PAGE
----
Most of the artists and art students from southern Estonia were involved in the expeditions to collect folk heritage that were organised by the Estonian National Museum in the first decades of the 20th century. They often selected their home villages as their destinations and were interested in the oldest surviving layers of folk culture. Already Friedrich Reinhold Kreutzwald and Jakob Hurt travelled to the Seto region in search of the archaic, where the researchers were interested in the distinct language, oral heritage, culture of singing, the appearance of women’s folk costumes and the religious life, which combined “pagan” and Orthodox traditions. The Seto region and Petseri became the perfect Other for Estonian culture: on the one hand, the Seto living on the border of the country were admired as “primal Estonians”, on the other, the newly independent Republic of Estonia tried to make them conform to norms. That is why the Seto region became an exotic location for outsiders. Most of the artists who visited Petseri in the 1920s and the 1930s depicted the imposing architecture and the Orthodox churches towering amidst the landscape. However, they also noticed the local people, especially Seto women, who upheld the religious traditions of the Seto region throughout history as “Madonnas of the farmyard”. For the artists who had emigrated from Russia to the West, Setomaa and the Petseri region became a peculiar nostalgic stronghold of Orthodoxy and nationalism.

In the 1920s, southern Estonia became a popular place for summer vacations. Artist-tourists, who had acquired the veneer of moderate modernism, travelled from towns to nature, where they poured onto canvases sun-drenched idyllic views and moments of intimacy or pleasure. A separate aspect is formed by pictures with a naive visual language that mostly show farm work. The reason for their popularity might lie in the mentality of the era, which idealised closeness to nature and conservative values but also the influence of state propaganda, the development of tourism and the ideology of “working Estonians”. The idyllic hilly landscape and the southern Estonian people who were working there like “the Estonians of old” embodied the quintessence of nationalist ideals in the visual culture of that time.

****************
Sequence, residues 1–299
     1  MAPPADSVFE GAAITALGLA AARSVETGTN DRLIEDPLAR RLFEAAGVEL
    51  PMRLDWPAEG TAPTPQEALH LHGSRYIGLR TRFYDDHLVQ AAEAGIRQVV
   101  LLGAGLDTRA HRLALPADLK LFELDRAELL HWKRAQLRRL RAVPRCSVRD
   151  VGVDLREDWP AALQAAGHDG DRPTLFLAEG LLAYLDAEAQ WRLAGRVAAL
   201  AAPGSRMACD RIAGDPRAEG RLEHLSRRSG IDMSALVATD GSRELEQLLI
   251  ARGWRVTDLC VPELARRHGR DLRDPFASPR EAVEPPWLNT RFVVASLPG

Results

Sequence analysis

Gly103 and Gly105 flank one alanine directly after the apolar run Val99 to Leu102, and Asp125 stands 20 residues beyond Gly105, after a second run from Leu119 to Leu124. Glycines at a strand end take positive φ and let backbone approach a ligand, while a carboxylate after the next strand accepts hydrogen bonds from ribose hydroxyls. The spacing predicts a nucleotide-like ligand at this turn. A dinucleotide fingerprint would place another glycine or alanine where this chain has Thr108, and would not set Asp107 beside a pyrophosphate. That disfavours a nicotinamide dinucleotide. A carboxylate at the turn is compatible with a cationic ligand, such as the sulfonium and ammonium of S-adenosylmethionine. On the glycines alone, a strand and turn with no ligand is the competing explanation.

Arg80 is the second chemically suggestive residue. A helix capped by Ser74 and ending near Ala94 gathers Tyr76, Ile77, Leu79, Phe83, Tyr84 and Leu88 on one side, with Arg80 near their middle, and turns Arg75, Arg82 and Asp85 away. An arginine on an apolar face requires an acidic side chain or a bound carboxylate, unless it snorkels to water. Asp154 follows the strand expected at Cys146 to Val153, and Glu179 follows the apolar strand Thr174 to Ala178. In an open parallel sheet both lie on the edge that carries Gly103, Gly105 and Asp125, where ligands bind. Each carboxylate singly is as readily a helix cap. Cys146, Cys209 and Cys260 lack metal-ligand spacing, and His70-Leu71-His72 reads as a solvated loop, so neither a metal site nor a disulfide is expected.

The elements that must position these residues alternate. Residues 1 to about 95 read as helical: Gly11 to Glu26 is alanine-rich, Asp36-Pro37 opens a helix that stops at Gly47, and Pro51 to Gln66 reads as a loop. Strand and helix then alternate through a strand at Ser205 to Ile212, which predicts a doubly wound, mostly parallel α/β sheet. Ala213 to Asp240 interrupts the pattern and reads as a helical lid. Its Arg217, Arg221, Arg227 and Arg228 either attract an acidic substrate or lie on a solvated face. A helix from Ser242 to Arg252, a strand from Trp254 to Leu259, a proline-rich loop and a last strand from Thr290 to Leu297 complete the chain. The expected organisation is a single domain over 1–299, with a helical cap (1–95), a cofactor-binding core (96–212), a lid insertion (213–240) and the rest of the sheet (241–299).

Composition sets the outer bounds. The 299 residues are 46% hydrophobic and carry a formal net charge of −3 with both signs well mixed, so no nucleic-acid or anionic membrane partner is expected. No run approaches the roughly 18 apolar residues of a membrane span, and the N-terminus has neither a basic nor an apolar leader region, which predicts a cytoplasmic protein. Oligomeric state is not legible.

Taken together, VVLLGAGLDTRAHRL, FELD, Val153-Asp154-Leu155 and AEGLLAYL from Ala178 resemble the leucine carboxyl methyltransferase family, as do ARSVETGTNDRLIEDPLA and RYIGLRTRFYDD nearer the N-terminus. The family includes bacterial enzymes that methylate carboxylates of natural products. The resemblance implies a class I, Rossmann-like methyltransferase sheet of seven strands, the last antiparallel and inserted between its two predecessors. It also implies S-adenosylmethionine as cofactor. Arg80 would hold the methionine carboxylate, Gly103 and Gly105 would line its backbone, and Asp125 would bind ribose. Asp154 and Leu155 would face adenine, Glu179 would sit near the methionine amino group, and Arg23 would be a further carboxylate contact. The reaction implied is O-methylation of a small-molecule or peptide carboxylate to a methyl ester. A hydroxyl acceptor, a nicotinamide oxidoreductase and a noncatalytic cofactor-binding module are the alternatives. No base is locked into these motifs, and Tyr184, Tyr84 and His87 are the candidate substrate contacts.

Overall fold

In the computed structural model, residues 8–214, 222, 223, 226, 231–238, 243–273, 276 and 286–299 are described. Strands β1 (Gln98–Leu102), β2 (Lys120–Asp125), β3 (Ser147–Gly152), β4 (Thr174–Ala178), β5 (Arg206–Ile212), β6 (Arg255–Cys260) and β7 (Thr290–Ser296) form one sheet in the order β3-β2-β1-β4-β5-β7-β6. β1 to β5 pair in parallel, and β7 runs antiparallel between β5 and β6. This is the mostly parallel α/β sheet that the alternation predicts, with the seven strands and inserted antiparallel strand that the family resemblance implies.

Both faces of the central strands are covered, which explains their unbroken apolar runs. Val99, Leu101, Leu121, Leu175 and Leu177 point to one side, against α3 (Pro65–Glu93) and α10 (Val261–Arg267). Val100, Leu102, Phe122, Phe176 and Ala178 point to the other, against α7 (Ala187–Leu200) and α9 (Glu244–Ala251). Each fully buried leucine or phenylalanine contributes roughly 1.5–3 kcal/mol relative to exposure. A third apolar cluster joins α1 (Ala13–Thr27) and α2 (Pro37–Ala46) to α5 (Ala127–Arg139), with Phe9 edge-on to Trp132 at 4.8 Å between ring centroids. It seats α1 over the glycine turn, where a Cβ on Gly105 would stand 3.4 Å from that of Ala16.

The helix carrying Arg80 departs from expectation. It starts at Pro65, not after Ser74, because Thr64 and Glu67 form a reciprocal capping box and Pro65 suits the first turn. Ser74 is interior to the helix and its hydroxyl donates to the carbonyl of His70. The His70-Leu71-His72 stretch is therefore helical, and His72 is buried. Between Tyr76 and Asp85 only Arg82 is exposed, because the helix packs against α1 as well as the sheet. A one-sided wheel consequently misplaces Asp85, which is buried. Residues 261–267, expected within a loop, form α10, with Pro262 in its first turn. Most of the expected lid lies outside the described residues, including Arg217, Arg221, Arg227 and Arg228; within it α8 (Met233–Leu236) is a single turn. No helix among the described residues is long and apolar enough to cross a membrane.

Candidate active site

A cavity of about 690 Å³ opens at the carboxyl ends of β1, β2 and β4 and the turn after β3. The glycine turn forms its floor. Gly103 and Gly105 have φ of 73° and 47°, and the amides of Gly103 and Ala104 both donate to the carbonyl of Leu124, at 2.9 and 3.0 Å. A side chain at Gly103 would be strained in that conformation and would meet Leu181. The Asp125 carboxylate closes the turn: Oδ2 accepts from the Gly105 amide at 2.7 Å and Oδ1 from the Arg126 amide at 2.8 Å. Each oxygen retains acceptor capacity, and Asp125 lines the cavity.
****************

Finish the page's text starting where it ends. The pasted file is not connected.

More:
The Book

In the book accompanying the exhibition, the article by Liis Pählapuu explores the importance of location-specific identity in the works of numerous artists who were born in southern Estonia or were associated with it, looking also at the role that the visual worlds created by them played in the development of the area’s image. Andreas Kalkun scrutinises the ideological aspects of the texts produced by the tourist industry during the first Republic of Estonia and the ways in which Estonian artists depicted Petseri county as a radical “Other”. Mart Velsker inspects how the written word has shaped the notion of southern Estonia and the culture and mentality associated with it. And Hasso Krull sees southern Estonia as a nearby imaginary ideal world, where the hilly landscape is a “cosmic prank” played by the trickster Devil.

The book and other products accompanying the exhibition can be found in our museum shop:

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Audio guide

A special audio guide introduces a selection of the exhibited works in the Estonian, Võru and English languages.

Voice artists: Anu Lamp and Tarmo Tagamets
Sound director: Külli Tüli (Estonian National Broadcasting)

Talomuro Audio guide

Gallery

The exhibition is accompanied by an audience programme of guided tours, workshops and events for adults and for children.

Team:

Curator: Liis Pählapuu
Exhibition design: Kaisa Sööt
Graphic design: Tuuli Aule
Coordinator: Magdaleena Maasik

Exhibition team: Richard Adang, Andres Amos, Kaarel Eelma, Darja Jefimova, Jelena Jurjeva, Kaile Kabun, Liisa Kaljula, Juta Kivimäe, Maris Klaas, Klaire Kolmann, Tõnis Medri, Margit Pajupuu, Villu Plink, Jan Rahman, Renita Raudsepp, Elnara Taidre, Allan Talu, Peeter Talvistu, Kristiina Tiideberg, Uve Untera and Tõnu Uusküla

We thank: Tartu Art Museum, Estonian National Museum, Museum of Viljandi, Vana-Võromaa Museum, Under and Tuglas Literature Centre of the Estonian Academy of Sciences, Setomaa Museums, Russian Museum, Vaal Gallery, Haus Gallery, Vernissage Art Gallery, Conservation and Digitization Centre Kanut, Enn Kunila’s art collection, Collection of Mart Lepp and private collections